WASHINGTON — Two satellites placed into incorrect orbits by an Ariane 5 that suffered an anomaly during its Jan. 25 launch can be recovered and placed into their desired orbits, their operators said Jan. 26.
Arianespace of Evry, France, in a statement released Jan. 26, blamed a “trajectory deviation” for the break in communication with the rocket, which stopped sending telemetry 9 minutes and 26 seconds after liftoff, seconds after the rocket’s second stage engine ignited.
The Ariane 5 lifted off from Europe’s Guiana Space Centre in French Guiana, South America at 5:20 p.m. Eastern carrying the 4,400-kilogram SES-14 satellite and the 3,800-kilogram Al Yah 3 satellite. Ground teams first discovered the issue when a tracking station in Natal, Brazil, didn’t receive telemetry from the rocket.
Data from the U.S. Strategic Command’s Space Track website indicates that the payloads from the launch are in orbits of about 235 by 43,150 kilometers, similar to the planned orbits of 250 by 45,000 kilometers. However, the satellites have orbital inclinations of about 21 degrees, far higher than planned inclination of 3 degrees.
Both SES and Yahsat have since confirmed the health of their respective spacecraft. Luxembourg-based SES said that SES-14 will take an additional four weeks to reach its orbital position over the Americas. Yahsat, based in the United Arab Emirates, said the hybrid chemical-electric propulsion Al Yah 3 satellite will use a “revised flight plan” to reach an operational orbit and begin service later this year.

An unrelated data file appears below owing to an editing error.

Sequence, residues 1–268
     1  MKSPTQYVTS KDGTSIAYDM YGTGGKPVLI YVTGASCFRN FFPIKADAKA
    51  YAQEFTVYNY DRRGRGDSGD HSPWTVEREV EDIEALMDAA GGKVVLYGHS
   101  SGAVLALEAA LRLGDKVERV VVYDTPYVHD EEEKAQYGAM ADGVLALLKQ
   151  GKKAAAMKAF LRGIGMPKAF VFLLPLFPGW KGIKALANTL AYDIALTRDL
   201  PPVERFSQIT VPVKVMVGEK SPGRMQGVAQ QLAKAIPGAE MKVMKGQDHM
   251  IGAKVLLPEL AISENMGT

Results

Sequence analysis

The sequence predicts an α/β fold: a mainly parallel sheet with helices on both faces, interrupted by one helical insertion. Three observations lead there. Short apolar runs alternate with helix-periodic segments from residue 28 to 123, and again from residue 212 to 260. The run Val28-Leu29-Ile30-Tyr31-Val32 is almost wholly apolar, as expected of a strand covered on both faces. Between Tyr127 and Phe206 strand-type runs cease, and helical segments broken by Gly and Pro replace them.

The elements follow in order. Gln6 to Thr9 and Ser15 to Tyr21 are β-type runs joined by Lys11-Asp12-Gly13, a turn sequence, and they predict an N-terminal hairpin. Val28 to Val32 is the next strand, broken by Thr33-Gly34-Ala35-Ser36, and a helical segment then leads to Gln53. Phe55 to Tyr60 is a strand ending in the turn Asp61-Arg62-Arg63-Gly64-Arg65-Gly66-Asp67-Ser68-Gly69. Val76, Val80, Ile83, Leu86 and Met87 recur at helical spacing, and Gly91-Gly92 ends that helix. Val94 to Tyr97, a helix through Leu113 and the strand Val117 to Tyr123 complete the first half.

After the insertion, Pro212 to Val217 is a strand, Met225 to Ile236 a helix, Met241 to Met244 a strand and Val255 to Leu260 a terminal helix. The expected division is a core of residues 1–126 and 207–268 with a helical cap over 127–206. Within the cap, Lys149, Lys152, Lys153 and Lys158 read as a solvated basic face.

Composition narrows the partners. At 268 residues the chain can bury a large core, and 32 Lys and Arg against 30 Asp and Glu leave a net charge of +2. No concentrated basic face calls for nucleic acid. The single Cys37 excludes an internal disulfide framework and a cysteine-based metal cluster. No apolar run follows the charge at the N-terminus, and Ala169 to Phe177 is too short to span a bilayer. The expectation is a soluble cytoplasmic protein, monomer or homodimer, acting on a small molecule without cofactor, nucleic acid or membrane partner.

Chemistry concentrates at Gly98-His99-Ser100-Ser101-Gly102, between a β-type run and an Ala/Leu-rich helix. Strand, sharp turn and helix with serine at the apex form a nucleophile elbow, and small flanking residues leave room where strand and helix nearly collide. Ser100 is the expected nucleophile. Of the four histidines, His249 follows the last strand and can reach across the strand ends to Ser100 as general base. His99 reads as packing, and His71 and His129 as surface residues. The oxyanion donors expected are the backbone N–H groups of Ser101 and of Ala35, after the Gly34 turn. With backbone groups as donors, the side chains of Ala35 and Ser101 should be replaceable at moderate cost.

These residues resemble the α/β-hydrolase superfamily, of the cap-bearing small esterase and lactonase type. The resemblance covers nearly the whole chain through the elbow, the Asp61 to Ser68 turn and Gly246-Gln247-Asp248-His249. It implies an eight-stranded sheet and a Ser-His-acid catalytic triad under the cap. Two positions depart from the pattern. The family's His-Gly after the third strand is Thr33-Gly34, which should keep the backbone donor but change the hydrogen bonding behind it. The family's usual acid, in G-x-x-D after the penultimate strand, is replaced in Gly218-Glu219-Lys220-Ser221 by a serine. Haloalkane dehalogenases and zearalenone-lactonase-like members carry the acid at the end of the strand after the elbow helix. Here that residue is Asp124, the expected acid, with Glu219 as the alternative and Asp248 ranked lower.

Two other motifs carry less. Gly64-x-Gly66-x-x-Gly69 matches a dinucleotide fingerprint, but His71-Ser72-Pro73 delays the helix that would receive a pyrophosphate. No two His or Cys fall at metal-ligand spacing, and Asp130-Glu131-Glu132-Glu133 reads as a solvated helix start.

Yahsat did not say by how much the off-track launch will set back the initiation of service with Al Yah 3, whose all Ka-band payload is split between Brazil and Africa, and will require a period of testing before serving customers. Al Yah 3 customers Eutelsat and Talia have Africa-focused business ventures that plan to use the satellite starting in June. The satellite’s pre-launch plans involved less than a month of orbit raising using chemical propulsion, according to manufacturer Orbital ATK.
The Airbus-built SES-14’s in-service date was set for July, but is now pushed back to at least August. The satellite also carries NASA’s Global-scale Observations of the Limb and Disk remote sensing instrument as a hosted payload.
Arianespace said it has formed an independent commission in conjunction with the European Space Agency to investigate the anomaly. Upcoming launch campaigns already underway at the Guiana Space Centre are “proceeding as scheduled,” Arianespace said.